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Braking a grinder can speed up batch tool sharpening

If you sharpen turning tools with a grinder, you can set the adjustable platform to suit the grinding angle of the tool. But each kind of turning tool needs a different angle, so you may find you are continually re-setting the grinder platform. I have written about some simple jigs that make this accurate, repeatable and easy to do. But my grinder takes a long time to run down after switching off. I can’t use my setting jigs until the wheels have stopped. I wanted a way to stop the machine quickly to grind several different tools at the same time. But braking a grinder could either clog the wheels or cause unnecessary wear. There is a simple solution.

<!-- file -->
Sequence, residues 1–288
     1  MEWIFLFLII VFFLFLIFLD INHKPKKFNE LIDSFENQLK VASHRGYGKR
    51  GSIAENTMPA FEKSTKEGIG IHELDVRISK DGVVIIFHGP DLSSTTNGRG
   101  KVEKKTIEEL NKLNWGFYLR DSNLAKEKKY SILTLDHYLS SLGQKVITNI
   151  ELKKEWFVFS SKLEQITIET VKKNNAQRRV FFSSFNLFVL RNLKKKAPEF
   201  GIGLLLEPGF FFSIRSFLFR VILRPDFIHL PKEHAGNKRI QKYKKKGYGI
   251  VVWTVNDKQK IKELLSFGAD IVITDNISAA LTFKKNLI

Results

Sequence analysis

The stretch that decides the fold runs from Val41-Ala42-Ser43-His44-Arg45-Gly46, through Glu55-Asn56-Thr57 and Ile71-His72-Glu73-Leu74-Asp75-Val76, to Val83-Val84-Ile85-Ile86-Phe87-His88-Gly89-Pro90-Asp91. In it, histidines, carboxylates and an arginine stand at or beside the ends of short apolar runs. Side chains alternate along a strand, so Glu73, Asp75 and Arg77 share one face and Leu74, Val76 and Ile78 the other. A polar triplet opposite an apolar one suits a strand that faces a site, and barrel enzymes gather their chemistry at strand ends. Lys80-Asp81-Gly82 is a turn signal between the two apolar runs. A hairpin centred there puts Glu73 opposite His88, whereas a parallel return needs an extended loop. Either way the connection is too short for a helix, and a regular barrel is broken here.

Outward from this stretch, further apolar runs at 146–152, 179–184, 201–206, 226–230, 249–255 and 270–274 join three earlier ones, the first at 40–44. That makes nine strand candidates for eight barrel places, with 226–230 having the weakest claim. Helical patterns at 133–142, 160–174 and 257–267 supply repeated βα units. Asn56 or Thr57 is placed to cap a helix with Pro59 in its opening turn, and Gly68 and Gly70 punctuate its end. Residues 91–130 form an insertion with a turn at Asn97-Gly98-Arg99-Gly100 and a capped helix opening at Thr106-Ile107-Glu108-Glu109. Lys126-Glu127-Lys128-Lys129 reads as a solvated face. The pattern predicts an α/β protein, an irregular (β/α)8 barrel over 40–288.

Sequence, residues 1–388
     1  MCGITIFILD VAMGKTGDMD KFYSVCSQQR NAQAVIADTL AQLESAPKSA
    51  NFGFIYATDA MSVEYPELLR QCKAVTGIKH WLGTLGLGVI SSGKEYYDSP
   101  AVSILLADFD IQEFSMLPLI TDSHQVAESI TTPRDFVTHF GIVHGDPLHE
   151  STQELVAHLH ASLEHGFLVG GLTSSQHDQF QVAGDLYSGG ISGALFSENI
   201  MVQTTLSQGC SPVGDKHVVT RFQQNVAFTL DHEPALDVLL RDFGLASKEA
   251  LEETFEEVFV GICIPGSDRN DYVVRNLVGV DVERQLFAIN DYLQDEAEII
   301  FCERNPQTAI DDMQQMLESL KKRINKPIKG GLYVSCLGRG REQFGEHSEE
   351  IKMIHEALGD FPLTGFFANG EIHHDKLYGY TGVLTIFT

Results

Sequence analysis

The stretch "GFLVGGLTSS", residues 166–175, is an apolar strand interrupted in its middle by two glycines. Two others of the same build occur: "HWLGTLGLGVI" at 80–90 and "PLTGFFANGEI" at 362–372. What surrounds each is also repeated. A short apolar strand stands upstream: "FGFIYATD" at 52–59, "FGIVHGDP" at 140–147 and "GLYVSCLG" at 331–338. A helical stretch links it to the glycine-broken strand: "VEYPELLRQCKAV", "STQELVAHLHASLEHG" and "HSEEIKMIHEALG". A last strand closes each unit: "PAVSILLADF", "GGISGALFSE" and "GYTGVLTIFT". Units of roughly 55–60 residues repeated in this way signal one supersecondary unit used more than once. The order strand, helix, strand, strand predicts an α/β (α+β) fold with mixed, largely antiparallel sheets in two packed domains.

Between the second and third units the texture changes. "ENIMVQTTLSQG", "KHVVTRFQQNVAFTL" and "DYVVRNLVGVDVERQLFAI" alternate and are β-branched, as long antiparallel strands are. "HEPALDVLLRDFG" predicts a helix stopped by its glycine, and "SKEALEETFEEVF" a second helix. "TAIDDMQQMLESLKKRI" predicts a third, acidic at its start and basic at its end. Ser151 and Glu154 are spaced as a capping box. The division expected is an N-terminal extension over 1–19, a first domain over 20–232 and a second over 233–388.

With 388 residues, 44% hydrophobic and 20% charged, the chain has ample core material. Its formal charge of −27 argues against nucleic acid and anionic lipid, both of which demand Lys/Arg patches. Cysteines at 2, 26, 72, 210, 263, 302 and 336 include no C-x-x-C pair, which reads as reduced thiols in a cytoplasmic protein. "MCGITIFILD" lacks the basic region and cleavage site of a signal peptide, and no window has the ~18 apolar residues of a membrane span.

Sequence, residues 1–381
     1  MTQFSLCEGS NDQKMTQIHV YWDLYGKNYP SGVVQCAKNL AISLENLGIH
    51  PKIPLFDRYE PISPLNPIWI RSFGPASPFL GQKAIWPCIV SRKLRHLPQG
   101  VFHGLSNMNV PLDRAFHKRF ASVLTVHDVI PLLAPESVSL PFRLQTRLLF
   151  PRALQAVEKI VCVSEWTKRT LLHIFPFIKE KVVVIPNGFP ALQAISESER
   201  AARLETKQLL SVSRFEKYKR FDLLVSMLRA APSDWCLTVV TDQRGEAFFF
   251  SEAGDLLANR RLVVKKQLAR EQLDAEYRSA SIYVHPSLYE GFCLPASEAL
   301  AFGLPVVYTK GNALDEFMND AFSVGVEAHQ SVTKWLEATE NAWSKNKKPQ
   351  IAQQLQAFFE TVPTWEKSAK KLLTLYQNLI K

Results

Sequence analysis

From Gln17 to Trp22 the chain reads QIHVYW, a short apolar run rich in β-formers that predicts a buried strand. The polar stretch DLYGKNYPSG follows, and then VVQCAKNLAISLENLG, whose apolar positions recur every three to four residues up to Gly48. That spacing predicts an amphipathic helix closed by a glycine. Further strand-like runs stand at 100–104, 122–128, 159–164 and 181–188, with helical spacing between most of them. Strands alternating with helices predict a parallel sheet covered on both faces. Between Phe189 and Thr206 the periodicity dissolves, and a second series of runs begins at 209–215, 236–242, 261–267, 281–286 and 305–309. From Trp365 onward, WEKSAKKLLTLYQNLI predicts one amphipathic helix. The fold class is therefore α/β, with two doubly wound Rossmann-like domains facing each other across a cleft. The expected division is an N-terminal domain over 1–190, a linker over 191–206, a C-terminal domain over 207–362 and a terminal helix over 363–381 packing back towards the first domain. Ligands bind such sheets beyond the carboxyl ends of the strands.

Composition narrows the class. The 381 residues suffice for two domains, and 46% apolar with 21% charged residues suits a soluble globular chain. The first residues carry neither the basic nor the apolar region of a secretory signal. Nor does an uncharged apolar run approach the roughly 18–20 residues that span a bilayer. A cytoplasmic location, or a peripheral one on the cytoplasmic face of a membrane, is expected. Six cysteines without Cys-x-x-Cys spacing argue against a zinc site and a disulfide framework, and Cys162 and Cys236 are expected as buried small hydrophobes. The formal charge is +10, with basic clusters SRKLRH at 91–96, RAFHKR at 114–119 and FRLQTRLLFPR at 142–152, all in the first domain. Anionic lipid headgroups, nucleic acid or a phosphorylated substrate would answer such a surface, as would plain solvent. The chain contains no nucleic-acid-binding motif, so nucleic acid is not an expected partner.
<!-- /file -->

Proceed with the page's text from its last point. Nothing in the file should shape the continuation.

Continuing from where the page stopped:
A rubber block of the kind sold for cleaning sanding belts pressed against the rim of the wheel will bring it to a stop very quickly. It leaves no significant residue on the wheel – if anything, the wheel is cleaner afterwards. The rubber gets worn away, but it will last a long time.

Risks when braking a grinder

There are two points to keep in mind. Braking a grinder too quickly could cause the wheels to loosen. Braking forces applied directly to a wheel will tend to tighten it, just as normal grinding does. But the inertia of the other wheel might make it over-run and loosen its retaining nut. This could allow the wheel to spin freely on the spindle and perhaps even come off. The wheel guards must stay in place, and the nut kept properly tight. I am confident that, if the wheel ever comes loose on my grinder (it hasn’t happened yet!), the guard will stop it coming off the spindle. If you don’t have that confidence, please allow your grinder to slow down in its own time.

The other risk is rubber particles accumulating in the wheel shroud. Grinding sparks could possibly ignite them. Again, this has never happened with my machine.

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